The Internet is ablaze with condescension for President Obama. Many people are expressing their distaste with his handling of the Syrian crisis, involving the use of chemical weapons by the Assad regime against his own people in a Damascus suburb on August 21st.
First off, Obama was condemned for not getting involved in Syria and his phrasing of the “red line” was mocked across the cyber world. Then he was derided for his decision to involve Congress in the debate, instead of using his moral authority to make a decision. Now, he is apparently a “laughing stock” according to USA Today, the Free Republic and various other sources, for his decision to pursue a diplomatic solution being championed by Russia, putting Vladimir Putin in the spotlight.
Now, I can understand why some people think that the president is meant to be clear and decisive. I guess I can also understand how his reaction to Syria may appear wishy-washy to some. But just because I understand where those reactions come from, does not in any way mean that I agree.
Unlike most voices on the Internet, I am impressed with Obama, especially in light of the recent Russian developments. On the day when he was meant to address the nation, and most pundits believed this would be when he made a formal declaration to attack Syria, Russia offered a different course of action. Colluding with Syrian officials, Russia announced that Syria would be willing to hand over its stores of chemical weapons, have them destroyed and sign the treaty on non-proliferation of chemical weapons. This is a huge development. It is a diplomatic coup for Russia. Russian President Vladimir Putin, often seen as a remnant of the Soviet era, now appears the wise statesman. While back in America, President Obama is seen as indecisive and weak.
I would assume that this is exactly what Putin and Assad wanted. To push Obama into an impossible situation, make sure that any action he took would be deemed illegal by the international community (thanks to the Russian veto in the Security Council) and then in the 25th hour propose a diplomatic solution. This all seems very likely to me especially since up until this point, Assad’s government had denied even having chemical weapons.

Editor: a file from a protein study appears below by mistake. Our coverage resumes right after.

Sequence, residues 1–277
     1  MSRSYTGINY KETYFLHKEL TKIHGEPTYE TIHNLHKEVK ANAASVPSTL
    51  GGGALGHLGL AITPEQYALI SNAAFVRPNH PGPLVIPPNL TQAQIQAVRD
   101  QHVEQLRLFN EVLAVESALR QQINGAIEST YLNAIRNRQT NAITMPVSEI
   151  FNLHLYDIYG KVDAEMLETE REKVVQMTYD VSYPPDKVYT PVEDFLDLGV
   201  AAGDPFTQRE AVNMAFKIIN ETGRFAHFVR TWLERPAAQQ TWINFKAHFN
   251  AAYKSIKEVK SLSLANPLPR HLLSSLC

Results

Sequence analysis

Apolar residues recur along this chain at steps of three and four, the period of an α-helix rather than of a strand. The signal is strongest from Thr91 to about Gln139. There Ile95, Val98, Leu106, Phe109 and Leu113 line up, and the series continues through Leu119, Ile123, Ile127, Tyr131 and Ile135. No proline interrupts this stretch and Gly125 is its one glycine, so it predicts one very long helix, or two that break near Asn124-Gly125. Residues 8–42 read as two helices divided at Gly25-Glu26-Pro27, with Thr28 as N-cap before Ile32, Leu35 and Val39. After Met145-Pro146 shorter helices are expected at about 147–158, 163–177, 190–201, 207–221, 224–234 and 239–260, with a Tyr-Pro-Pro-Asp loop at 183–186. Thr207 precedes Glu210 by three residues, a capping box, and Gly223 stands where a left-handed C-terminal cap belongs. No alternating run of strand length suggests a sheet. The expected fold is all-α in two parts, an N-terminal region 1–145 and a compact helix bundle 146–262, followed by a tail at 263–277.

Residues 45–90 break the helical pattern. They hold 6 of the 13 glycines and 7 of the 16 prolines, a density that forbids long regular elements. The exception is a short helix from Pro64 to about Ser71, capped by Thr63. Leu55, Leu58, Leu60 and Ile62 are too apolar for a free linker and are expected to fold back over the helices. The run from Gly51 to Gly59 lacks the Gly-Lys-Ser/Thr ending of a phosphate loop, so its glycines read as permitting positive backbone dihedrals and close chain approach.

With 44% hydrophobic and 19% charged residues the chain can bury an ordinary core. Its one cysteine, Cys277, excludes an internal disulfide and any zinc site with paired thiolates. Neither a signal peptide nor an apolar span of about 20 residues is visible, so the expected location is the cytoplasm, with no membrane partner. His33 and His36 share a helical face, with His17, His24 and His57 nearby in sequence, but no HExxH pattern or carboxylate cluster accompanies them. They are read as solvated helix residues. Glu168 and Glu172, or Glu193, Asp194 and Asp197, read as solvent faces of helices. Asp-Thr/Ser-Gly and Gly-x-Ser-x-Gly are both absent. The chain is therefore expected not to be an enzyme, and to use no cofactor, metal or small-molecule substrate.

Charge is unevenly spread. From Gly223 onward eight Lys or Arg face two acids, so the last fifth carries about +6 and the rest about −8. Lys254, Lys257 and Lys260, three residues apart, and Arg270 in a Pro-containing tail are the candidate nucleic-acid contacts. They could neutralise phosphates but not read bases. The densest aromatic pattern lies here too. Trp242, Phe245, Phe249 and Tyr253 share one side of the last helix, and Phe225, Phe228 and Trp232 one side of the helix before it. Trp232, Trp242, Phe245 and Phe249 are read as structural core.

So, as various news outlets and pundits continue to play into the hands of Putin and make him appear the hero, Obama is ridiculed. And I ask why? Is it for calling on Congress to debate the response of the American government? Or, maybe, for pursuing a diplomatic solution to an otherwise costly and messy intervention? I hope not.
Obama set limits, which admittedly were hard to enforce or to provide enough evidence to warrant action, but showed restraint. He then encouraged a public discourse on the crisis and involved the elected representatives of the people, in a show of true democratic decision-making. And then, relinquished his place as the only world leader with a solution in an attempt to pursue a different path. Isn’t this the exact kind of leadership that democracy aspires to? Involving the people, listening to others and adjusting our views based on new information is the rational, logical, mature approach.
He is being attacked for appearing weak, but strong leadership is not about appearances. It is about making the hard choices despite what it may do to your reputation. It is about due process and pursuing alternatives, from wherever they may appear. Great leaders know that sometimes you have to lead from behind. Obama has been unsatisfying to me in many respects, but in his handling of the current situation, I applaud him.
It is hard to say what will happen in the coming days. Attempting to remove all the chemical weapons from Syria would require an immense effort and the implicit cooperation of Assad. It is reminiscent of when the United Nations sent inspectors to Iraq in the early 90’s to disarm Saddam of his chemical weapons following his massacres of the Kurdish people. He appeared to cooperate, but was in reality wheeling the weapons out the back door as the inspectors entered through the front. There is no way to know whether or not Assad will truly disarm. It seems less likely given that he has requested that the inspection team be Russian and what incentive would the state that is arming him have in disarming him? There are a lot of variables that will need strict oversight for this to be successful but it offers a glimmer of possibility. And in the immortal words of John Lennon, isn’t it time we give peace a chance?
- Obama’s Syria Pause Only Delaying the Inevitable – Bloomberg (bloomberg.com)
- US ready to strike Syria if talks fail (bigpondnews.com)